Today is the one month anniversary of arriving to Spain! It seems to me that it has been longer, because our first couple weeks here felt like they dragged on endlessly. But as I said last post, things are picking up! To celebrate (and summarize) I’ve compiled a list of 3 things I miss from the good ol’ USA and 3 things I don’t miss. Let’s start with the things I miss… *family and friends are obviously numero uno, so they’re not included.
1. My favorite restaurants
I can’t talk about this for long without getting seriously upset… so let’s make this quick! I’m a
picky eater simple person and I like simple foods that I have always liked! I don’t mind broadening my horizons on occasion, like when I ate a fish head in Ecuador or last week when I had to try the sheep stomach I accidentally ordered. However, I crave the foods I have always loved back home, and sometimes it’s overwhelming. Olive Garden, BWW, SmashBurger, Ichiban, George’s, IHOP, etc. just don’t happen here. Most places are holes-in-the-wall that I know seasoned travelers are alllll about, but I’m just sayin’ a girl misses her main kicks. With that being said, the past two weeks have been filled with amazing food finds and I’m sure there will be many, many more. Last night we stopped at a pinxto place and almost ordered black pudding, but caught our mistake and instead went all out with skewers of prawn and baby tomatoes, pork meat and pineapple, and pork sirloin with foie. There is delicious food here, I just miss my old favorites. That is all.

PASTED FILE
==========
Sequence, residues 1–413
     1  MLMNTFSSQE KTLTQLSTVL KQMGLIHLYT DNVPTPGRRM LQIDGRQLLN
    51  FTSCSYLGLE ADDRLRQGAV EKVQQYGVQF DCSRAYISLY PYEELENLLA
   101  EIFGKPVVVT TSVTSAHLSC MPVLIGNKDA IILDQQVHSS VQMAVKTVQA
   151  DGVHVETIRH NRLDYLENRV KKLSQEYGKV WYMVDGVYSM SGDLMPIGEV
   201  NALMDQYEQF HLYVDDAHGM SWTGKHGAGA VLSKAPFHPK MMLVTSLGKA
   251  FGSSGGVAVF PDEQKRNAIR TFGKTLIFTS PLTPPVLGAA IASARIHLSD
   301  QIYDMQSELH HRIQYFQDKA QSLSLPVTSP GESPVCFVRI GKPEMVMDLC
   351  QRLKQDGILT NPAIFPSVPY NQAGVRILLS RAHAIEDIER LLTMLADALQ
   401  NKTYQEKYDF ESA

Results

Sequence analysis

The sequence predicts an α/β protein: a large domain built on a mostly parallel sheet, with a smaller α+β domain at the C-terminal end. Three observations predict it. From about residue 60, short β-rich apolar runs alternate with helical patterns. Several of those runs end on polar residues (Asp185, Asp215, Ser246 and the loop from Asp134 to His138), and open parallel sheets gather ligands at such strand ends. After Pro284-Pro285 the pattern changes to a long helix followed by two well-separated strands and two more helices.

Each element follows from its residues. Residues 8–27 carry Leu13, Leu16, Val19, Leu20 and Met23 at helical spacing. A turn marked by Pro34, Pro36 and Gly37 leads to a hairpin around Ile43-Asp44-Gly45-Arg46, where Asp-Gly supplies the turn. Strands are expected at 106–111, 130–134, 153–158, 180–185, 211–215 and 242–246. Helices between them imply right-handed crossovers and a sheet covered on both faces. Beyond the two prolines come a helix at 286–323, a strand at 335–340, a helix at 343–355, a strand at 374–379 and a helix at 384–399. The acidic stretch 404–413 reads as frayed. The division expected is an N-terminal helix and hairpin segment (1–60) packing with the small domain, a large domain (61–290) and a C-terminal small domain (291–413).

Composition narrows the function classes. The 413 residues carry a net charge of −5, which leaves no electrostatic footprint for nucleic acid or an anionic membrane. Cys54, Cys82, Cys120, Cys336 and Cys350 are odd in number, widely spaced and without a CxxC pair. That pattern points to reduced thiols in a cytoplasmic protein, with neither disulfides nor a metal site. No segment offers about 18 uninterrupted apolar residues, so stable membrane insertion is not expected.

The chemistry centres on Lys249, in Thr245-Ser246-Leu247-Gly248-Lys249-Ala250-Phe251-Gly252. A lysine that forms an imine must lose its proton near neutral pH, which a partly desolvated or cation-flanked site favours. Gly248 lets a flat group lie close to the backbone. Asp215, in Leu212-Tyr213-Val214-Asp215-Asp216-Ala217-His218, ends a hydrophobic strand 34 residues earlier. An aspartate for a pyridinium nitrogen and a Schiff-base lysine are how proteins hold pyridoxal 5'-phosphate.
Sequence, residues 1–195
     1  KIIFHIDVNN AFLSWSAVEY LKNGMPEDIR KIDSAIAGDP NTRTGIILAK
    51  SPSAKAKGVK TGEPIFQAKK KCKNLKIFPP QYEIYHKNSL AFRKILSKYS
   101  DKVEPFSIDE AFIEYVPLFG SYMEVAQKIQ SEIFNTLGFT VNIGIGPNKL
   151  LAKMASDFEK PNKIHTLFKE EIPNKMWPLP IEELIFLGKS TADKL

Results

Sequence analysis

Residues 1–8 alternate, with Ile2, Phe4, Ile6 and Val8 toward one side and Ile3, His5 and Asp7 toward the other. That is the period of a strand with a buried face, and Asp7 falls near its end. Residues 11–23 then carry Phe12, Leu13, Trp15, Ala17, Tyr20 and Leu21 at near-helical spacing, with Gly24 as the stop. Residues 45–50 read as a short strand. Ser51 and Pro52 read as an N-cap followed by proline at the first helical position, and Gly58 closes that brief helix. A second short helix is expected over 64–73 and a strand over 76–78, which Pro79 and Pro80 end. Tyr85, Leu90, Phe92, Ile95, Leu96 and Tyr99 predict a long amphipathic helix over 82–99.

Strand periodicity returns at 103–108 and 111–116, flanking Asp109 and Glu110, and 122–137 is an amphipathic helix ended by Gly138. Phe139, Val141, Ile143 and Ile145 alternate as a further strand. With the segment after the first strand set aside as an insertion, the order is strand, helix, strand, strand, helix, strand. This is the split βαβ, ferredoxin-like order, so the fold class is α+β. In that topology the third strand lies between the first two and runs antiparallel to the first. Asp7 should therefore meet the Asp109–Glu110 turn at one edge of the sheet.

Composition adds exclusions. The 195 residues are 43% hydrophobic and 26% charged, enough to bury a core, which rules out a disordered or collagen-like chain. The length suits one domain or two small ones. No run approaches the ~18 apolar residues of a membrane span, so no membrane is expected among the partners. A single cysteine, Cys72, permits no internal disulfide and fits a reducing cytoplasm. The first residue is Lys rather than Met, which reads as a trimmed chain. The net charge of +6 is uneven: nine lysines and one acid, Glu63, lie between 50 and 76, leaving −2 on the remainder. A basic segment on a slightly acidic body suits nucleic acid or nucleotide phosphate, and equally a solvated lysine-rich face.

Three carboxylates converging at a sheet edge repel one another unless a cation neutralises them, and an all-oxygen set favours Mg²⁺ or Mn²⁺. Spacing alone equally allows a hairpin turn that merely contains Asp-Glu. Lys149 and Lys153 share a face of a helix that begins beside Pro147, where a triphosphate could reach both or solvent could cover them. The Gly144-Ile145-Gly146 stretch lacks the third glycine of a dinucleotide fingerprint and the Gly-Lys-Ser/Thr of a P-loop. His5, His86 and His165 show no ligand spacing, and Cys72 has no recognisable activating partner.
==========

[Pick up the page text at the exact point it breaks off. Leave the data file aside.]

2. Knowing where I’m going and how to get there
Funny, right? I have the main bus to and from my schools down (great, since I’ve been doing it for 4 weeks), but even the most simple directions to places can confuse me. For example, which bus to take to the small villages surrounding Logrono if they aren’t posted at the bus station. When I get there, what street was that thing I wanted to see on again? Is there a map around? Even more frustrating– wandering around Logrono and seeing a store you would like to return to. I see school supplies, kitchen supplies, cute clothing botiques, then later I can’t remember what street they were on to save my life. I end up wandering around trying to find them (and stumbling on new places), then when (or if I ever) reach my destination, it will be during siesta. And the pattern continues.
OH YEA LET’S MOVE TO SPAIN AND “IMPROVE” OUR SPANISH LOL! …Okay that’s a little harsh, but this will definitely be on my list for several more months, if not longer. Do not underestimate the importance of language, people. I’m trying and the teachers compliment me on doing better each week, but I feel like it’s taking one step forward and two steps back each day. One teacher keeps giving me books in Spanish (plus grapes/apples from her family’s vineyard– score!), which is so so nice, but it takes me a longggg time to get through a page. She gave me a children’s book about wine harvest in La Rioja that is in Spanish/English and Jay and I have been reading it. The English translations are hilarious. We’re talking phrases like, “suddenly eclipsed by a corpulent shadow” or “albeit in spirit.” Quite the children’s book!